From the New York Times–bestselling “standard-bearer for alternate history”: A spy takes on the enemies of the Byzantine Empire (USA Today). In another, very different timeline—one in which Mohammed embraced Christianity and Islam never came to be—the Byzantine Empire still flourishes in the fourteenth century, and wondrous technologies are emerging earlier than they did in our own. Having lost his family to the ravages of smallpox, Basil Argyros has decided to dedicate his life to Byzantium. A stalwart soldier and able secret agent, Basil serves his emperor courageously, going undercover to unearth Persia’s dastardly plots and disrupting the dark machinations of his beautiful archenemy, the Persian spy Mirrane, while defusing dire threats emerging from the Western realm of the Franco-Saxons. But the world Basil so staunchly defends is changing rapidly, and he must remain ever vigilant, for in this great game of empires, the player who controls the most advanced tools and weaponry—tools like gunpowder, printing, vaccines, and telescopes—must certainly emerge victorious. A collection of interlocking stories that showcase the courage, ingenuity, and breathtaking derring-do of superspy Basil Argyros, Agent of Byzantium presents the great Harry Turtledove at his alternate-world-building best. At once intricate, exciting, witty, and wildly inventive, this is a many-faceted gem from a master of the genre.
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About the Author
Harry Turtledove is an American novelist of science fiction, historical fiction, and fantasy. Publishers Weekly has called him the “master of alternate history,” and he is best known for his work in that genre. Some of his most popular titles include The Guns of the South, the novels of the Worldwar series, and the books in the Great War trilogy. In addition to many other honors and nominations, Turtledove has received the Hugo Award, the Sidewise Award for Alternate History, and the Prometheus Award. He attended the University of California, Los Angeles, earning a PhD in Byzantine history. Turtledove is married to mystery writer Laura Frankos, and together they have three daughters. The family lives in Southern California.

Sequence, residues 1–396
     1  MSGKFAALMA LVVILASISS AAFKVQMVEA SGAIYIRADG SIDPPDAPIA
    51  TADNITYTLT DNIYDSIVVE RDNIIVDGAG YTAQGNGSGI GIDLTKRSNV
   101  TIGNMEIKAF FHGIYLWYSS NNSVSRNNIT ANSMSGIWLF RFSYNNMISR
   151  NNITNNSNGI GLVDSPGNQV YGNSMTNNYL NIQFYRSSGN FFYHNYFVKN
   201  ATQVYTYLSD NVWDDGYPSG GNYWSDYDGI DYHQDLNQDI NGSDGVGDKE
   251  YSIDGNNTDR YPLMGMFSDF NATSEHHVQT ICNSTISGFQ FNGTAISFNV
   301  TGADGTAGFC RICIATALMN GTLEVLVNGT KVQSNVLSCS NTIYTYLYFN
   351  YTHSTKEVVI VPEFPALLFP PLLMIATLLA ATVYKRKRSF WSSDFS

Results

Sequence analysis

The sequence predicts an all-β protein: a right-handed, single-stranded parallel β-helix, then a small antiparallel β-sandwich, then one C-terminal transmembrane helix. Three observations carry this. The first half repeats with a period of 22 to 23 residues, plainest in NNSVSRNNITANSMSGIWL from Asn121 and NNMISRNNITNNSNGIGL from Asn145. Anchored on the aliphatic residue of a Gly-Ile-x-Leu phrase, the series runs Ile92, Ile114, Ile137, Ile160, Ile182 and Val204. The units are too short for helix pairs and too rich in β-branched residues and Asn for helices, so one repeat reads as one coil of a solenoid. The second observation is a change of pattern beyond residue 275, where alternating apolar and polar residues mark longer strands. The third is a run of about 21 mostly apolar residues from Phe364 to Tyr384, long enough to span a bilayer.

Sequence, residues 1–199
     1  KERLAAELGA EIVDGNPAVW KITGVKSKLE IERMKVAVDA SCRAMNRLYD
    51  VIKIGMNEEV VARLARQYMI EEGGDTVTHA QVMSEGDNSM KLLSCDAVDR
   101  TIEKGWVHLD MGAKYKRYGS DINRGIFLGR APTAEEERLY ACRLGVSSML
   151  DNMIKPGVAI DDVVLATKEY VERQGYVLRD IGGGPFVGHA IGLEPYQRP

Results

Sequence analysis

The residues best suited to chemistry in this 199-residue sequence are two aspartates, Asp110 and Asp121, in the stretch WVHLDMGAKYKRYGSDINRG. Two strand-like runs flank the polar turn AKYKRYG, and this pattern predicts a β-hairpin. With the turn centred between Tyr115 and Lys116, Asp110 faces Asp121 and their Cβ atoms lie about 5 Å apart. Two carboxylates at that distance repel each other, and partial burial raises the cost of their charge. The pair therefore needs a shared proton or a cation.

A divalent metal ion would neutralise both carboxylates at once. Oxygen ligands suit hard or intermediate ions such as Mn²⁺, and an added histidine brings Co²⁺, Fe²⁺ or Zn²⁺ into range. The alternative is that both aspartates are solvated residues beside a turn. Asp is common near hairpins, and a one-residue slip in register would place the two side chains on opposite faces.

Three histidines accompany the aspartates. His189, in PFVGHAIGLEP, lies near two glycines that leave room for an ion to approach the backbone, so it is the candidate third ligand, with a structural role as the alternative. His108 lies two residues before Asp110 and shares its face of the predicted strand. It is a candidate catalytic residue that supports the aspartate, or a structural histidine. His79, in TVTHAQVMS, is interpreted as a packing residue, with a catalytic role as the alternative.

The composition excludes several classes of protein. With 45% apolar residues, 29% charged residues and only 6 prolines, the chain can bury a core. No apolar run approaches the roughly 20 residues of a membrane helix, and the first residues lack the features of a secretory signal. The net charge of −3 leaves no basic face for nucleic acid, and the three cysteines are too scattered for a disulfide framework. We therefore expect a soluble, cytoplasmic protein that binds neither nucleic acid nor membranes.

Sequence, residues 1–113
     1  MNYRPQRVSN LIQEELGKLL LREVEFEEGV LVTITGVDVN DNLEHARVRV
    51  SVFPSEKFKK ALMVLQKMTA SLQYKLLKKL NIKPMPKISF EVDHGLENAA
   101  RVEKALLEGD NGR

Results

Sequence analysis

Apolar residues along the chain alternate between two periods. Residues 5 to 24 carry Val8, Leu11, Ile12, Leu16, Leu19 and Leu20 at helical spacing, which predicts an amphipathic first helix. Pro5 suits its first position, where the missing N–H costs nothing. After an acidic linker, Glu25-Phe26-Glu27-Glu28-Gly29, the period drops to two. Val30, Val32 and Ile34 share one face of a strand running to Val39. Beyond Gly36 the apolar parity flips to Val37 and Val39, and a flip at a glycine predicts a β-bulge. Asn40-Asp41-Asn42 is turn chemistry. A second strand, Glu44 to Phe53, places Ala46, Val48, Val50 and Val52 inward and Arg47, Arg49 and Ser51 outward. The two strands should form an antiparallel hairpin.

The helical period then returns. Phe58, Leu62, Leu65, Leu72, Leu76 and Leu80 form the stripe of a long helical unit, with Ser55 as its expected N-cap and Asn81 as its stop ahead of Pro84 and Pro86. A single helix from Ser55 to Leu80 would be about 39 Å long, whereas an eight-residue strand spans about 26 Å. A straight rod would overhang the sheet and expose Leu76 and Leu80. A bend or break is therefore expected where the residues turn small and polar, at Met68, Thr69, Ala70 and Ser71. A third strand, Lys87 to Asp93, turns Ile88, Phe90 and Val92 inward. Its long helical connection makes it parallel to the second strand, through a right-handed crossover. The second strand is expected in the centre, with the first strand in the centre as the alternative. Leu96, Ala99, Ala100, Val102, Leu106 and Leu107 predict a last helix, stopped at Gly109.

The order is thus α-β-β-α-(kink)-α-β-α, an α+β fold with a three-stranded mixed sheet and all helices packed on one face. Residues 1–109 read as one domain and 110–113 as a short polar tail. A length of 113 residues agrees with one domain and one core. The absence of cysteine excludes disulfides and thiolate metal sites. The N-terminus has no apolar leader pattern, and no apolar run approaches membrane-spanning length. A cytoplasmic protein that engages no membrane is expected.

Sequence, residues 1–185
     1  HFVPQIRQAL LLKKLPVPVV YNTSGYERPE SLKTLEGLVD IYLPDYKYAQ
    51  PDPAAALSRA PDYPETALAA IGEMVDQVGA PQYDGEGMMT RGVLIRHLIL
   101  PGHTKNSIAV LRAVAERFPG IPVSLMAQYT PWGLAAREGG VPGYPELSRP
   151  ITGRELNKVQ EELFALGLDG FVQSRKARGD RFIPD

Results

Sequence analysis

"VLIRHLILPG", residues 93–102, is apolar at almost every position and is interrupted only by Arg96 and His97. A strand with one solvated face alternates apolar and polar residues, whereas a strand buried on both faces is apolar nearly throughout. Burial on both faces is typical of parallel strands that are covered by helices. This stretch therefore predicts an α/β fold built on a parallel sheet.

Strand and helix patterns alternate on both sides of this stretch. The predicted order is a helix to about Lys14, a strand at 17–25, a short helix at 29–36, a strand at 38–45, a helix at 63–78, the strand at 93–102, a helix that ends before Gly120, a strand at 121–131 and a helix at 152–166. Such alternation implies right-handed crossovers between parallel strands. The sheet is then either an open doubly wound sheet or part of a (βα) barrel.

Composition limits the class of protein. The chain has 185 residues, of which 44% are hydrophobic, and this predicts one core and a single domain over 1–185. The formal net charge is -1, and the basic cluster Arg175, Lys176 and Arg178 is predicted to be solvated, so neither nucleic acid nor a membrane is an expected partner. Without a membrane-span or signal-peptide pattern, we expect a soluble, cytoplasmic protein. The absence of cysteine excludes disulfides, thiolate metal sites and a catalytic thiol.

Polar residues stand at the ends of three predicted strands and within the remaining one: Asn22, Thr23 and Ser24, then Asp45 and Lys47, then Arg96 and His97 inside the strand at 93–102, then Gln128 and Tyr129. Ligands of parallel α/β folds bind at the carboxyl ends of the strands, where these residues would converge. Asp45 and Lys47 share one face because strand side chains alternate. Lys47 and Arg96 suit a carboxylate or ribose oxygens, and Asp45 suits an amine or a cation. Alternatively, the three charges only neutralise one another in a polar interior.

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Agent of Byzantium
By Harry Turtledove
OPEN ROAD INTEGRATED MEDIACopyright © 1994 Harry Turtledove
All rights reserved.
Etos Kosmou 6814
The steppe country north of the Danube made Basil Argyros think of the sea. Broad, green, and rolling, it ran eastward seemingly forever, all the way to the land of Serinda, from which, almost eight hundred years before, the great Roman Emperor Justinian had stolen the secret of silk.
The steppe was like the sea in another way. It offered an ideal highway for invaders. Over the centuries, wave after wave of nomads had dashed against the frontiers of the Roman Empire: Huns and Avars, Bulgars and Magyars, Pechenegs and Cumans, and now the Jurchen. Sometimes the frontier defense would not hold, and the barbarians would wash over it, even threatening to storm into Constantinople, the imperial capital.
With a deliberate effort of will, Argyros drew back from the extended nautical metaphor into which he had fallen. What with the motion of his horse beneath him, it was threatening to make the scout commander seasick.
He turned to his companion, a blond youngster from Thessalonike named Demetrios after the city's patron saint. "Nothing so far. Let's ride on a little farther."
Demetrios made a face. "Only if you say so, sir. I don't think the devils are anywhere around. Couldn't we just head back to camp? I could use a skin of wine." Demetrios fit three of the military author Maurice's four criteria for a scout: he was handsome, healthy, and alert. He was not, however, markedly sober.
Argyros, for his part, did not quite pass the first part of Maurice's test. For one thing, his eyebrows grew in a single black bar across his forehead. For another, his eyes were strangely mournful, the eyes of a sorrowing saint in an icon or of a man who has seen too much too soon. Yet he was only in his late twenties, hardly older than Demetrios.
He said, "We'll go on another half mile. Then, if we still haven't found anything, we'll call it a day and turn around."
"Yes, sir," Demetrios said resignedly.
They rode on, the tall grass brushing at their ankles and sometimes rising to tickle their horses' bellies. Argyros felt naked in his long goat's-hair tunic. He wished he had not had to leave his mail shirt behind; the Jurchen were ferociously good archers. But the jingle of the links might have given him away, and in any case the weight of the iron would have slowed his mount.